When Mr. Cook is Richard, or as this is unquestionably the first lago, or Sir Pertinax, he is in his thing needful, there can be little fear proper post, and whilst he bears his of its being overlooked and neglected, faculties in steady poise, no actor Means may at the same time be taken can surpass him He is then the to secure and guard the interiour of main prop of the drama he is engaged the theatre from those unseemly in; but should that main prop totter, noises and disorderly interruptions, what disgrace can be greater than that have been matter of such just that of an actor so disabled? what re- complaint; and when the avenues and sentment more justifiable than of an lobbies shall be kept free from those audience so disappointed ?
disgraceful scenes, which to every Of Mr. Alexander Rae, now act- person that passed through them exing on the Dublin stage, I am glad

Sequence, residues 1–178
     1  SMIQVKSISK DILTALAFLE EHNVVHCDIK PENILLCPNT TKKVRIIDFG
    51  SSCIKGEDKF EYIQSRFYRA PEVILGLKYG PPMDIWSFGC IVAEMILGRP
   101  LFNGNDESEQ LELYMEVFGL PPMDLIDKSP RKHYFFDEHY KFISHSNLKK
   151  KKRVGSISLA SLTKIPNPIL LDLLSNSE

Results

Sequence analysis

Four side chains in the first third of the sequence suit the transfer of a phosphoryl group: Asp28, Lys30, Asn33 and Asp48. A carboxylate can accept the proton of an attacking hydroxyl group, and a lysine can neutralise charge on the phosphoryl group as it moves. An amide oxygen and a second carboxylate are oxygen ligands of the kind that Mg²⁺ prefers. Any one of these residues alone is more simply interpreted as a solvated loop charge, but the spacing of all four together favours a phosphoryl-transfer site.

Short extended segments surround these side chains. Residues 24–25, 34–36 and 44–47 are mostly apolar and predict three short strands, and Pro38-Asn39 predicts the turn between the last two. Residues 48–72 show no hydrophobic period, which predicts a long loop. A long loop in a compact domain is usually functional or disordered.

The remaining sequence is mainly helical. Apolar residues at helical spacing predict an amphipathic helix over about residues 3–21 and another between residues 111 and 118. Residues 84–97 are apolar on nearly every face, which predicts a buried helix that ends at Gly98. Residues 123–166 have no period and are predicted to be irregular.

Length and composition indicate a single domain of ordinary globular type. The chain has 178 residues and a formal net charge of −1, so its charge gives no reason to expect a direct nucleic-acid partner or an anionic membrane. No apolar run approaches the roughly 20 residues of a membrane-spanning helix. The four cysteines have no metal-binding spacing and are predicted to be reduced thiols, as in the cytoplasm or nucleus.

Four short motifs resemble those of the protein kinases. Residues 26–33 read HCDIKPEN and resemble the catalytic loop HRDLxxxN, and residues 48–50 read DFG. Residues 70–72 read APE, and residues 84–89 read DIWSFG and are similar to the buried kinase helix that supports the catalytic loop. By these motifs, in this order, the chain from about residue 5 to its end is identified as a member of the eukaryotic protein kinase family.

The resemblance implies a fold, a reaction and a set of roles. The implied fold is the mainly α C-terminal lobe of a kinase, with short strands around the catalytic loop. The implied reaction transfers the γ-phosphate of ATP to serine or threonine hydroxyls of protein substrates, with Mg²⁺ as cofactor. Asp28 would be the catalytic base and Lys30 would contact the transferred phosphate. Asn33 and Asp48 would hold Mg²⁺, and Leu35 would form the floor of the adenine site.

bibited the licentiousness of a brothel, to find that Mr. Hunt conceives fa a great and very needful thing will vourably. What his advances may be effected. The consequence of have been since he appeared in the this reform will be, that in proporsunimer theatre I cannot say: but tion to the respectability of the asof a mind so well informed, so open sembly, so will be that of the enter: to instruction, and so totally devoid tainment. Authors, who have been of self-conceit, as I believe his mind in the practice of writing to the galto be, I augur confidently, and ex- leries, must give place to those, who pect great produce.
can address themselves to hearers of High as my opinion of Mr. Dow a purer taste ; and actors, who, in ton's abilities as an actor is known to compliment to those gallery authors, be, and much as I regard him, it is have condescended to become buf. enough for me to say that I am par- foons, must recollect themselves and ticularly gratified to find my opinion be comedians. so flatteringly confirmed by the in Much will depend upon the con. genious author of these essays struction of this new theatre about to